• Double-click and then type the name of a block to get a list of blocks that starts with the characters you typed. For custom library blocks, you can type the block keyword if the library author assigned one. The list is ranked based on your recent block-usage history.

  • After you click a port, hold Shift as you connect to another port. Holding Shift puts you in a mode in which you can make multiple, consecutive connections. For example, while holding Shift, you can branch a new signal line and connect it to another port or signal line with one click.

  • Select the first block and Ctrl+click the block you want to connect it to. This technique is useful when you want to connect blocks that have multiple inputs and outputs, such as multiple blocks to a bus or two subsystems with multiple ports. As with clicking two ports, this technique is useful when you do not want to align blocks. The signal line bends as needed to make the connection.

    To approximate a diagonal line from line segments, press Shift and drag a vertex.


To improve the shape of a signal line, select the line and, from the action bar, select Auto-route Line. The line redraws if a better route between model elements is possible. You can select Auto-route Lines from the action bar to improve lines with a single block selected or with multiple model elements selected by dragging a selection box.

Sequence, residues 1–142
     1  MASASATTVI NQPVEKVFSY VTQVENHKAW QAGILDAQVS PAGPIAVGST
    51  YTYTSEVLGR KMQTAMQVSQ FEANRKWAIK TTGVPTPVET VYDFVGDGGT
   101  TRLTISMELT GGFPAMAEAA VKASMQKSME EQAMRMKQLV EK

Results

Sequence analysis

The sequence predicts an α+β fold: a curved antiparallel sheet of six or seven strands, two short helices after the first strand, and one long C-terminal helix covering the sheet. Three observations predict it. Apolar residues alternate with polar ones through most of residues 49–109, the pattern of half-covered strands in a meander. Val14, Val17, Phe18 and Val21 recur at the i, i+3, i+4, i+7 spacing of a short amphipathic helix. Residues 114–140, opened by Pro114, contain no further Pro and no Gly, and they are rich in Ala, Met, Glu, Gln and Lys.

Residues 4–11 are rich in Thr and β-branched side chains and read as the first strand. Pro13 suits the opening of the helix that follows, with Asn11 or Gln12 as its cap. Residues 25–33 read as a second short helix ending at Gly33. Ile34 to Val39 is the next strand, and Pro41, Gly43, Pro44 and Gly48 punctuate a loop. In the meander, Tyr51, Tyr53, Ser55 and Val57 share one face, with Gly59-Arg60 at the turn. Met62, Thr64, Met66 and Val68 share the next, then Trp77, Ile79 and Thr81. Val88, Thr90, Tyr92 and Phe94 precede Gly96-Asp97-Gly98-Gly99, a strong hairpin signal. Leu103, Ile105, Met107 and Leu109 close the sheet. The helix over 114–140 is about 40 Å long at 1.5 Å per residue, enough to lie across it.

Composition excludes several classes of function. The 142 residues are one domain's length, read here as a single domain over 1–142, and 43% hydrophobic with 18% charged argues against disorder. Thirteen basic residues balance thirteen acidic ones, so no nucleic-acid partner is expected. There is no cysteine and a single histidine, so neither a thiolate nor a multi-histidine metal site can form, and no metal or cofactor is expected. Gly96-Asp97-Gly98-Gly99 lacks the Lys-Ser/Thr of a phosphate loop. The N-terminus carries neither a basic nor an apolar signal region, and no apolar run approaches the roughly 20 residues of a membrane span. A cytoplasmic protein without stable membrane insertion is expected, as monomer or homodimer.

Organize Your Model Into Components

You can group blocks in subsystems and label blocks, subsystems, and signals. For more information about subsystems, see Create Subsystems.

  1. Drag a selection box around the Abs block and the Gain block next to it.

  2. Move the cursor over the ellipses that appear at the corner of the box where you ended the selection. From the action bar, select Create Subsystem.

    A subsystem block appears in the model in place of the selected blocks. The subsystem block displays the input and output port indexes.

    Build complete


    You can place a port on any side of the subsystem block. To move a port, click and drag it around the block.

    To resize the subsystem block for the best fit in your model, drag the block handles.

  3. Give the subsystem a meaningful name. Select the block, double-click the name, and type Absolute Value. Naming a block causes the name to appear in the model.

  4. Open the Absolute Value subsystem by double-clicking it.


    To use the Explorer Bar to navigate the model hierarchy, right-click the subsystem and select Open in New Tab.

    The subsystem contains the blocks and signal that you selected as the basis of the subsystem. They are connected in sequence to two new blocks: an Inport block and an Outport block. Inport and Outport blocks correspond to the input and output ports on the subsystem. Creating the subsystem from a selection that includes a named signal adds the name of the signal to the corresponding Inport or Outport block.

  5. Click the Up to Parent button to return to the top level of the model.

  6. The figure shows the model after you create the subsystem and name it.